2. Likewise, it can pay to look at rooting in the context of real sports, with the reservation that sports, from a spectator perspective, is usually something irrational and the rooting best viewed as something to add excitement and entertainment value. (Exceptions include family members of the athlete at hand.)


    An interesting twist on rooting is my take on tennis over the last few years (time of writing: 2024): I was well ahead of most others on Djokovic and GOAT-hood. Every additional success that he achieves proves me the more correct, which gives me a reason to root for him.

    Outside of sports, however, rooting-for-poor-reasons can be an outright problem, especially as there often is room to actually act in favor, or to the disadvantage, of the involved. Consider political support (voting, donations, volunteering, whatnot) based on something as superficial as a common race (as was often the case with Blacks and Obama) or sex (women and Hillary). Politicians should be judged exclusively on more solid criteria like (prior or expected) policy choices and (proven or estimated) competence level.

  3. Similar issues exist in other areas (and can sometimes be used for similar tests). For example, if someone looks for a role model, is that role model chosen for excellence in the field at hand or based on some “commonality”? (Note e.g. the common Feminist obsession with having specifically female role models for young women, e.g. “to get women into science”. Better would be for the young women to pick a role model based on worthiness as, e.g., a scientist, to release themselves from this obsession with “gender”, or, even, to question whether they need a role model in the first place—chances are that the best thing to do is simply to strive for excellence in one self.)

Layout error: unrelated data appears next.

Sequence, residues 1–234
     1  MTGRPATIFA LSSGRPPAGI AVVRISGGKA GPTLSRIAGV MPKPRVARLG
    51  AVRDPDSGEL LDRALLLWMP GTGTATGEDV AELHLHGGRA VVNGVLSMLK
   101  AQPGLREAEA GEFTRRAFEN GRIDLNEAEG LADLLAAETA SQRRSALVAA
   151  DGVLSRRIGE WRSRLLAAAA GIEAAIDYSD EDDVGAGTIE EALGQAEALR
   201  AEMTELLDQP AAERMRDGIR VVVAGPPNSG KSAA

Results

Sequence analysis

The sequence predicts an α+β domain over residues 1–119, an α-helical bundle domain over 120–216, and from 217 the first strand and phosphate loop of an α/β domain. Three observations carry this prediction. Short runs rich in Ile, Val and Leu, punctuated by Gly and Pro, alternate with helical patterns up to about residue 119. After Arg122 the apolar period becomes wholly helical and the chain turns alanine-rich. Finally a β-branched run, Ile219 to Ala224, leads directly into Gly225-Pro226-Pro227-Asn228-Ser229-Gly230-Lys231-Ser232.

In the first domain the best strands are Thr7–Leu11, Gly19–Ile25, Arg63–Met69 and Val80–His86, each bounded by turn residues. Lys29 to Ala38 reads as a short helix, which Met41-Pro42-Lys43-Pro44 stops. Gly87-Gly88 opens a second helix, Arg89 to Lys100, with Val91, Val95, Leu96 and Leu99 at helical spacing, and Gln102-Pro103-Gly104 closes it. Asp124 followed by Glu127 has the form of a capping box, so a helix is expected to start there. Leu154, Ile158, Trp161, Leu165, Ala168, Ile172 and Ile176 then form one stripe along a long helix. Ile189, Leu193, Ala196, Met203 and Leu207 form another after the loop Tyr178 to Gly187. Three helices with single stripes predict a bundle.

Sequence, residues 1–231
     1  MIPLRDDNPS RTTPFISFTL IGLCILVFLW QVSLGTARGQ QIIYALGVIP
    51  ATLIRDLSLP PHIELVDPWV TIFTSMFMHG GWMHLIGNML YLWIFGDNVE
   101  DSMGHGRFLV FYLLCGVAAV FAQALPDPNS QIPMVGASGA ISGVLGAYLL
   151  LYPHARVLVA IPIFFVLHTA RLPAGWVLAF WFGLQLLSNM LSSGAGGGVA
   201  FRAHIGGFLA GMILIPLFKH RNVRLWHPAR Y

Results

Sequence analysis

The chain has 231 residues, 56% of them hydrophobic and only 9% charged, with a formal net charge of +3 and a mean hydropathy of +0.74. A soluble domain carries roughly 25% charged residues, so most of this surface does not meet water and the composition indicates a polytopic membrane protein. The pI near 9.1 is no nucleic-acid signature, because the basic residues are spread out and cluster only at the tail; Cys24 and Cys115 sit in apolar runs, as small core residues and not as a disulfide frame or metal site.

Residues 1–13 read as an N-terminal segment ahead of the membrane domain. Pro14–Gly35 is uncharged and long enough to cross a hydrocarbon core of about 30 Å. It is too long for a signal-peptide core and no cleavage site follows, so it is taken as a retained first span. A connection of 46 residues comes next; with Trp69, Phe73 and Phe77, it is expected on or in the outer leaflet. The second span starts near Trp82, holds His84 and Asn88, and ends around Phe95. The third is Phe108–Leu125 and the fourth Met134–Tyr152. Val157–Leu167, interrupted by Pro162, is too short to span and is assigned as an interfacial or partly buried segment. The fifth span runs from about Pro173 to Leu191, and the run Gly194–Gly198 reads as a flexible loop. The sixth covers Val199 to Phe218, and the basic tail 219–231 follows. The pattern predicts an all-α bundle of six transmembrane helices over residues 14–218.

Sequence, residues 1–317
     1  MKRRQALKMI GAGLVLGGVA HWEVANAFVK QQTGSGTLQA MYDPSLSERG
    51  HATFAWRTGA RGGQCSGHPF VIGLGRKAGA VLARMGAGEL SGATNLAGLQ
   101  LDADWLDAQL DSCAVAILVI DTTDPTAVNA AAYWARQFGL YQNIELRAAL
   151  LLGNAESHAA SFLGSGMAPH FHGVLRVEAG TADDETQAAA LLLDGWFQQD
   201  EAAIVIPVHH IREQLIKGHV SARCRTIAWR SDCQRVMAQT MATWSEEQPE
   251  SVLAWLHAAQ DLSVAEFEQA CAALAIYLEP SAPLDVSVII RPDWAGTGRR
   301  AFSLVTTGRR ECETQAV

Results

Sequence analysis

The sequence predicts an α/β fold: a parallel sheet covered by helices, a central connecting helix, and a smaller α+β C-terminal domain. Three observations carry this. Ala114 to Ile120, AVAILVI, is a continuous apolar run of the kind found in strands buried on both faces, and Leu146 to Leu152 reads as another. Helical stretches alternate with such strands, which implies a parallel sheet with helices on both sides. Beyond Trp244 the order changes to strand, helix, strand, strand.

4. The test is not easy and even those who somewhat legitimately see themselves as unbiased can stray. (Note my request to “Answer honestly.”—not just based on what the perceived-as-correct answer might be.)

    However, I expect a great proportion of those who illegitimately see themselves as unbiased to fail. Indeed, my motivation for the test is largely Leftist hypocrisy, as my observations over the years show Feminists to be among the most sexist groups in existence, Black activists and whatnots, maybe Blacks in general, to be far more racist than typical Whites, etc.


    Leftist bullshit like “unconscious bias” is not bullshit because we have no biases of which we are not conscious —virtually all of us do and the observation borders on the trite. It is bullshit because it is abused for attempts to bend observations to fit theories that must not be questioned, to discredit opponents, to attribute to “evil” motivations even when perfectly legitimate motivations exist, and similar; and because it is given much too much room.

    The point of “unconscious bias” is not to have a serious discussion of such biases—it is to further an ideological agenda.

  5. In the formulation of the test, I spoke of “angled to make any given character seem artificially more sympathetic”.